Indonesia sudah mengesahkan satu kes virus Zika menjangkiti seorang lelaki di Jambi. Laporan oleh Menteri Kesihatan begitu pun menunjukkan keaadan masih terkawal.
Virus zika ini dibawa oleh nyamuk aedes.
Zika mempunyai tanda dan kesan seperti denggi dan kebanyakan orang boleh pulih sepenuhnya.
Tetapi yang lebih membimbangkan ialah virus ini boleh menyebabkan kecacatan otak kepada bayi jika ibunya dijangkiti.
Sehinggakan pakar-pakar di Brazil mencadangkan wanita di sana menangguhkan rancangan untuk mengandung.
Iklim Indonesia dan Malaysia sama juga seperti Brazil amat terdedah dengan bahaya virus zika.
Daripada sekarang Kerajaan dan rakyat Malaysia mesti mencegah dan mulakan perang pada peringkat yang lebih serius dengan nyamuk aedes.
Jangan jadi seperti Brazil. Kerajaannya dikecam hebat kerana lambat bertindak hingga virus zika sudah merebak luas.
The World Health Organization memberi amaran yang viurs zika merebak ganas di benua Amerika dan dijangkakan tiga hingga 4 juta kes tahun ini. Klik sini untuk press statement WHO.
Berikut adalah fakta mengenai virus Zika yang dipetik daripada laman WHO.
- Zika virus disease is caused by a virus transmitted by Aedes mosquitoes.
- People with Zika virus disease usually have a mild fever, skin rash (exanthema) and conjunctivitis. These symptoms normally last for 2-7 days.
- There is no specific treatment or vaccine currently available.
- The best form of prevention is protection against mosquito bites.
- The virus is known to circulate in Africa, the Americas, Asia and the Pacific.
Signs and Symptoms
The incubation period (the time from exposure to symptoms) of Zika virus disease is not clear, but is likely to be a few days. The symptoms are similar to other arbovirus infections such as dengue, and include fever, skin rashes, conjunctivitis, muscle and joint pain, malaise, and headache. These symptoms are usually mild and last for 2-7 days.
Recently in Brazil, local health authorities have observed an increase in Zika virus infections in the general public as well as an increase in babies born with microcephaly in northeast Brazil. Agencies investigating the Zika outbreaks are finding an increasing body of evidence about the link between Zika virus and microcephaly. However, more investigation is needed before we understand the relationship between microcephaly in babies and the Zika virus. Other potential causes are also being investigated.
Zika virus is transmitted to people through the bite of an infected mosquito from theAedes genus, mainly Aedes aegypti in tropical regions. This is the same mosquito that transmits dengue, chikungunya and yellow fever.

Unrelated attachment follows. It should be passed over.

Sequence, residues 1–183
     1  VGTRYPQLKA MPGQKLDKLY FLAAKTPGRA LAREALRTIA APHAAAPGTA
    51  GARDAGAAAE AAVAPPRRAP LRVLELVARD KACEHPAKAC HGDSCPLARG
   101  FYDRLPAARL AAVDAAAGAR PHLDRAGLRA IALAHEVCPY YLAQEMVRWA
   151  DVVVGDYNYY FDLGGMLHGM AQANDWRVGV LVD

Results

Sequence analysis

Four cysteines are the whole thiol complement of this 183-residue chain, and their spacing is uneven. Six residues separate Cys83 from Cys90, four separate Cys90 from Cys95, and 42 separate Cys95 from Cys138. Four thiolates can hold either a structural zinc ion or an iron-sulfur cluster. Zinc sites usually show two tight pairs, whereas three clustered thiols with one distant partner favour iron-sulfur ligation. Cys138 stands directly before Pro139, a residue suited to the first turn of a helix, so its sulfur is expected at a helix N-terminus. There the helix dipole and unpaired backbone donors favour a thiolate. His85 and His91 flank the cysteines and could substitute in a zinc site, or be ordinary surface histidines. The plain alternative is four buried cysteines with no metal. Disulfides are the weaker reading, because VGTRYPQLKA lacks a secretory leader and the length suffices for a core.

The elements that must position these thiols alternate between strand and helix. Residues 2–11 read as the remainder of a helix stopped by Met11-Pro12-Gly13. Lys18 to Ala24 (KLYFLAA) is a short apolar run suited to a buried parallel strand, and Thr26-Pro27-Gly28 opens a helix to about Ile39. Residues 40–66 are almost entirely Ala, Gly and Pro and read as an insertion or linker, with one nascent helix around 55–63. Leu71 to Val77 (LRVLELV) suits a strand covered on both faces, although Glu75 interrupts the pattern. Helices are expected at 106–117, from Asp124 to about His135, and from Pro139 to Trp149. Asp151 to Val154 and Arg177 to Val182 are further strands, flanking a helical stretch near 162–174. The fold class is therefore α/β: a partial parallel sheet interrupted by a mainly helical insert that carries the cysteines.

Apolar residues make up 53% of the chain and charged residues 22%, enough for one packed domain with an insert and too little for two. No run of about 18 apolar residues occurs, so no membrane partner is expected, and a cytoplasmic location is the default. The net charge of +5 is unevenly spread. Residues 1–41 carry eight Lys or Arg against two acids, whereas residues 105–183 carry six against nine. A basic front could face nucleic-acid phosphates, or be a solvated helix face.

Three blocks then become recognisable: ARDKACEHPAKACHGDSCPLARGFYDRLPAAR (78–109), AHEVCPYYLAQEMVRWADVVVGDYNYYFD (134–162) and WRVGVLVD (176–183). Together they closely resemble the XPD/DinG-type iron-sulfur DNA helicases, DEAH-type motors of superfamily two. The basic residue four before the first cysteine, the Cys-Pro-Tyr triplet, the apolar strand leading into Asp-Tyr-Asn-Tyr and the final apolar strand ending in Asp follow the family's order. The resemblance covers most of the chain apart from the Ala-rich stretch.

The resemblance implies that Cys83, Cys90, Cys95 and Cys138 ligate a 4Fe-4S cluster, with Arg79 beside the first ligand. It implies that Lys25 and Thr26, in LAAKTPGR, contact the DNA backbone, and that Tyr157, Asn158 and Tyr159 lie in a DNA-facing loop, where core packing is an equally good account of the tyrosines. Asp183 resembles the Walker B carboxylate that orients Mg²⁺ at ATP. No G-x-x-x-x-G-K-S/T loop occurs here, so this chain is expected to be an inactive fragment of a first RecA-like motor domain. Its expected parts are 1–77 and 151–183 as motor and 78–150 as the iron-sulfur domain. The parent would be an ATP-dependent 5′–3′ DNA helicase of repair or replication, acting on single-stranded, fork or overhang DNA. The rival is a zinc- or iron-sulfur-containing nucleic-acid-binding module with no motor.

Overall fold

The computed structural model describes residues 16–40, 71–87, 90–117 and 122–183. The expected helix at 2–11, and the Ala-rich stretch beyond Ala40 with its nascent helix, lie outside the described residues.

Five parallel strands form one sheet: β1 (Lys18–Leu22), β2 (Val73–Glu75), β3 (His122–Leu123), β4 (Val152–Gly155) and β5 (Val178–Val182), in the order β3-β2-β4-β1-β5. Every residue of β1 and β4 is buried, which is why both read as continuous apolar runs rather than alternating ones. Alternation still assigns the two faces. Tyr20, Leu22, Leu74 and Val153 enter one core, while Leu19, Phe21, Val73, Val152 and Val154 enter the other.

Zika virus is diagnosed through PCR (polymerase chain reaction) and virus isolation from blood samples. Diagnosis by serology can be difficult as the virus can cross-react with other flaviviruses such as dengue, West Nile and yellow fever.
Mosquitoes and their breeding sites pose a significant risk factor for Zika virus infection. Prevention and control relies on reducing mosquitoes through source reduction (removal and modification of breeding sites) and reducing contact between mosquitoes and people.
This can be done by using insect repellent; wearing clothes (preferably light-coloured) that cover as much of the body as possible; using physical barriers such as screens, closed doors and windows; and sleeping under mosquito nets. It is also important to empty, clean or cover containers that can hold water such as buckets, flower pots or tyres, so that places where mosquitoes can breed are removed.
Special attention and help should be given to those who may not be able to protect themselves adequately, such as young children, the sick or elderly.
During outbreaks, health authorities may advise that spraying of insecticides be carried out. Insecticides recommended by the WHO Pesticide Evaluation Scheme may also be used as larvicides to treat relatively large water containers.
Travellers should take the basic precautions described above to protect themselves from mosquito bites.
Zika virus disease is usually relatively mild and requires no specific treatment. People sick with Zika virus should get plenty of rest, drink enough fluids, and treat pain and fever with common medicines. If symptoms worsen, they should seek medical care and advice. There is currently no vaccine available.